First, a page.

are jammed full of valuable information, sketches of the area, and minutely
detailed descriptions of the walk. Getting to know Wainwright, through his
witty and thoughtful commentary, is a delight.
Other guidebooks that are excellent supplements to Wainwright's classic:
- Stedmank, Henry, Coast to Coast Path.
- Hannon, Paul, Coast to Coast Walk.
- Marsh, Terry, A Northern Coast to Coast Walk.
Photo: Nancy Lashbrook
The Sierra Club is an environmentally focused entity. We are concerned about
conservation and sustainability of resources both locally and globally. Our
work is accomplished by volunteers, aided by a salaried staff, encouraging grassroots
involvement. Our outings seek to empower participants toward understanding environmentally
parallel concerns at home and abroad.
England has been heavily populated for hundreds of years and most of the land
is utilized for human endeavor. England’s national parks are typically
designated around scenic areas that are largely in private hands. This designation
helps control development and non-conforming uses.
The environmental topics on this outing include urban sprawl, intensive farming,
motorways, and the demand for vacation facilities that place heavy pressure
upon open space and wildlife habitat. We will take this opportunity to meet
with local conservationists and naturalists to explore these, and other, issues
of local and global interest.
This trip requires a $200 per-person deposit. An additional payment of $300 per person is due six months prior to trip departure. International trip prices are subject to change and are based on double-occupancy or group accommodations as described above. Single rooms may not be available or may cost more than the listed price. If you have any questions regarding double occupancy, please contact the trip leader.
See the How to Apply for an Outing
section for more details on registering for this trip and details
about our Reservation and Cancellation
The payment of a deposit does not confirm you as a member on the
trip. Participants must be approved by the trip leader. After signing
up for this trip, you will be sent a confirmation packet containing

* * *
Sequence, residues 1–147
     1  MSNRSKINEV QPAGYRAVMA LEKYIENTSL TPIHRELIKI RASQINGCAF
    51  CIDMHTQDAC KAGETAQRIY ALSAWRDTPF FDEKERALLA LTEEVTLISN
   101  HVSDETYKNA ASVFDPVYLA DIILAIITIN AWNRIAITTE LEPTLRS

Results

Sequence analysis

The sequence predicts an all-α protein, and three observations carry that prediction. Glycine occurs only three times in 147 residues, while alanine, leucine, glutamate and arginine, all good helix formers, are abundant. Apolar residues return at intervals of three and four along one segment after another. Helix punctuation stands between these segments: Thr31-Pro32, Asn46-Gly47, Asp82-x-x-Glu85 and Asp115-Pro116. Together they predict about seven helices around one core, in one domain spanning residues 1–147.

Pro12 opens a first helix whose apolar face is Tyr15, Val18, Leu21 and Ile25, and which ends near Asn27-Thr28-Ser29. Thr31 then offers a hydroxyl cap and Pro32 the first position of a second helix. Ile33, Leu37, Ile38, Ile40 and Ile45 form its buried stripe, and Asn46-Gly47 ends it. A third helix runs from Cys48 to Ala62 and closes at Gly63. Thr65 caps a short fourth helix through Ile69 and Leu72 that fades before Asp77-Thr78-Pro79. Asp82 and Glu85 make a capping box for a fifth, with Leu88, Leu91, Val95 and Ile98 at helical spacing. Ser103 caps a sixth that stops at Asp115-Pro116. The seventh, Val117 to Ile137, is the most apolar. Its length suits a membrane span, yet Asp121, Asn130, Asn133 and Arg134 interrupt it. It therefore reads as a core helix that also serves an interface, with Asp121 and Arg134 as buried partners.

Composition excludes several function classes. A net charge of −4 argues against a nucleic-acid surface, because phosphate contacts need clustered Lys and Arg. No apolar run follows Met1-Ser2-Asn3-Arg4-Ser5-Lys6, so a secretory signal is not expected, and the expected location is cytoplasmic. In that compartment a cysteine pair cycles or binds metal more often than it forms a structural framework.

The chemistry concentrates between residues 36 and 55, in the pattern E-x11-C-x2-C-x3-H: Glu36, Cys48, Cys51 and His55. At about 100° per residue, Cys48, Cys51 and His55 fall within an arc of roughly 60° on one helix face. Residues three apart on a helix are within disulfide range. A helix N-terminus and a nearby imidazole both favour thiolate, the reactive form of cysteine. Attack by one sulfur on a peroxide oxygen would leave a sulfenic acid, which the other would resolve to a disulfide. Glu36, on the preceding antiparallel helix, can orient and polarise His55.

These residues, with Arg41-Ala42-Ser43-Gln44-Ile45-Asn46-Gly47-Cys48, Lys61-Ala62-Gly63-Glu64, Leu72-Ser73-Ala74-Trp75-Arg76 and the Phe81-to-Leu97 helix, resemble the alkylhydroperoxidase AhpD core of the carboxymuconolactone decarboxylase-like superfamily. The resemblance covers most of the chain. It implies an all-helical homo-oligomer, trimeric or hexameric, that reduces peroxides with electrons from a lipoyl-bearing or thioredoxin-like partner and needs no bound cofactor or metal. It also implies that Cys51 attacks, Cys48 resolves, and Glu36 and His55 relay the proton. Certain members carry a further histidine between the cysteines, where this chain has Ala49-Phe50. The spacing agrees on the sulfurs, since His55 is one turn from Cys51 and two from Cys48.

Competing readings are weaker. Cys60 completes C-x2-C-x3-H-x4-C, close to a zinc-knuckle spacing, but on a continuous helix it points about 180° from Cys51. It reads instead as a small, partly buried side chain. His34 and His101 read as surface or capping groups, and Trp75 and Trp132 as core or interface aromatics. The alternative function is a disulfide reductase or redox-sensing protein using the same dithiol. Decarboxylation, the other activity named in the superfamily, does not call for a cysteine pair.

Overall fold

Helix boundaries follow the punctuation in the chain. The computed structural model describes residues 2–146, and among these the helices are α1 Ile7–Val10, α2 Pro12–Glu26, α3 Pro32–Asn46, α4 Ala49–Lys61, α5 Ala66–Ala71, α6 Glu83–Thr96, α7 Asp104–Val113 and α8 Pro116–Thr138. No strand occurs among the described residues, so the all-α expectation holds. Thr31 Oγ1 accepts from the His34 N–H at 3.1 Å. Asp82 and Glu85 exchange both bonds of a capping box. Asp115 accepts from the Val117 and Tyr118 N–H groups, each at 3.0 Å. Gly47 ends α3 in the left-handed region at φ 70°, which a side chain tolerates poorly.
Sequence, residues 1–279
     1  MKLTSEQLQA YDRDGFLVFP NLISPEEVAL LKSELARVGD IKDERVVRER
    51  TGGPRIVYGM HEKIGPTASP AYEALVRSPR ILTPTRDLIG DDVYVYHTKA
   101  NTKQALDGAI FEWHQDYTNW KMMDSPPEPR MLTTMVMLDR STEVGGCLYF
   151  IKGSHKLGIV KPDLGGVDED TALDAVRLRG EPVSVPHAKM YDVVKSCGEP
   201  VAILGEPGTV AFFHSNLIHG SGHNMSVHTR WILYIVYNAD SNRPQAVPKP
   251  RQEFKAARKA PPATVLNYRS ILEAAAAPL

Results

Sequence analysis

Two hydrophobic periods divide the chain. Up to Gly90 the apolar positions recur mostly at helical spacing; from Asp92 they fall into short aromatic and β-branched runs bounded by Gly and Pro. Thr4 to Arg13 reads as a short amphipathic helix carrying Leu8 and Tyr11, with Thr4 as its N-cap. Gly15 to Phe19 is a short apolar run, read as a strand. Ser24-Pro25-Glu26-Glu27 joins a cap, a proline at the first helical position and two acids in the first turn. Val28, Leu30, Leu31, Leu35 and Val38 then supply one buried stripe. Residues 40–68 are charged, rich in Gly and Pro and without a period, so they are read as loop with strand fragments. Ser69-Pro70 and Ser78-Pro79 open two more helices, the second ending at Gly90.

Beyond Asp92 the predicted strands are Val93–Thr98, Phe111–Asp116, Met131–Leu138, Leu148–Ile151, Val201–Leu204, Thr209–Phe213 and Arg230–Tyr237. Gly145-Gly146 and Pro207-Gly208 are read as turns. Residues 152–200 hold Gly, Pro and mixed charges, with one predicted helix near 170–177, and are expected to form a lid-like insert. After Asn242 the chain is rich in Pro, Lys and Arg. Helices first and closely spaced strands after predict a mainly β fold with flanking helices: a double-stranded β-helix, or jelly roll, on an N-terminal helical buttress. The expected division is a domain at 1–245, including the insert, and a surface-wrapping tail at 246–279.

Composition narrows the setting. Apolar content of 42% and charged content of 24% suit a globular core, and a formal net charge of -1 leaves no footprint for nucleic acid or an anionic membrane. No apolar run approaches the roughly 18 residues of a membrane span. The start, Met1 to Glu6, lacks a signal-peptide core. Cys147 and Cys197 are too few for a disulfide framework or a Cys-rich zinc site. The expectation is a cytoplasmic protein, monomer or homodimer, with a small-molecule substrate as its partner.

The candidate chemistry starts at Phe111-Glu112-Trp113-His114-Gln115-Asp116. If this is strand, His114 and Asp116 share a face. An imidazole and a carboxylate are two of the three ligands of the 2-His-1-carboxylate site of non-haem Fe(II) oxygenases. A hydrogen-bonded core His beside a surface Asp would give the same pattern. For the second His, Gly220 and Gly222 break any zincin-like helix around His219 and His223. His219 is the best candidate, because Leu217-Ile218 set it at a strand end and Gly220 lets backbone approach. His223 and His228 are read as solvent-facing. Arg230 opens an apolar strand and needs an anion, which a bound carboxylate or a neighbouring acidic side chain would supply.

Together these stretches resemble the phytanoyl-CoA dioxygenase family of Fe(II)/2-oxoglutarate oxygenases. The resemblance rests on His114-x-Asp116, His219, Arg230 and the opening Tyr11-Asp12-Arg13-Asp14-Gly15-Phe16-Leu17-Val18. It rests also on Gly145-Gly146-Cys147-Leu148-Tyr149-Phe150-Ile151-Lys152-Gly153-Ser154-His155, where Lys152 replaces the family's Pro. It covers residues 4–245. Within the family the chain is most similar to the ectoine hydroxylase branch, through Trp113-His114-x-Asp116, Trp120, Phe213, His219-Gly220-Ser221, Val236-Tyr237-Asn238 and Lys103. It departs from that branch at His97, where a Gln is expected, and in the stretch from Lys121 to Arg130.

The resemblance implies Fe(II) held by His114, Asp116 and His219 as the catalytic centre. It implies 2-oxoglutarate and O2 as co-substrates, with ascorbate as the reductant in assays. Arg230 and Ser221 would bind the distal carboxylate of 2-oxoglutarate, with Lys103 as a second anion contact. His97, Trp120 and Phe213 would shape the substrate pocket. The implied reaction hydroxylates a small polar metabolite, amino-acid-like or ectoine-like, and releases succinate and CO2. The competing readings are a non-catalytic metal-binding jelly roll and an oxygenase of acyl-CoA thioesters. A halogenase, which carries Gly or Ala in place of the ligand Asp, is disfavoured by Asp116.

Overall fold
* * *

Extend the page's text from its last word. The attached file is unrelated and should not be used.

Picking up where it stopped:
approval materials (Participant Approval Questionnaire, Medical
Form, Liability Release Form). Each applicant (including those on
the waitlist) must fill out these forms and promptly mail them to
the trip leader. The leader will review the approval materials and
notify you of your acceptance in a timely manner.
The Sierra Club accurately and fairly budgets and prices our trips. However, unforeseen costs such as devaluation of the dollar compared to other currencies and fuel surcharges assessed by our international providers may necessitate adjustment in trip price. We will make every effort to mitigate and absorb these fees. If a price increase is necessary, however, you will have 14 days after announcement to cancel without penalty.
Cathy Dezendorf has been leading Sierra Club National Outings backpack trips in California's Sierra Nevada since 1996. She also leads snow camping, hut and hostel trips for the San Francisco Bay Chapter backpack section and is certified as a Wilderness First Responder. A hiking trip to Spain a few years back convinced her that it was time to expand her horizons and she's now looking forward to her fifth summer as an International Outings leader in Europe. After growing up in Oregon, Cathy moved to Northern California in the early 70's and raised her family just a few minutes north of the Golden Gate Bridge. She loves to take early morning walks in the Marin Headlands before heading off to her job as a sales rep.
Kate Froman has enjoyed walking in England since she and her husband (they met on a Sierra Club knapsack trip) spent their honeymoon in Yorkshire. Kate loves clouds and likes the way the weather can change from sun to rain and back to sun in a matter of minutes. Kate leads hiking trips in Nepal and Bhutan and when at home, she makes quilts, tears up the garden (unless she is skiing) and makes great pesto.
General Notes About Sierra Club Trips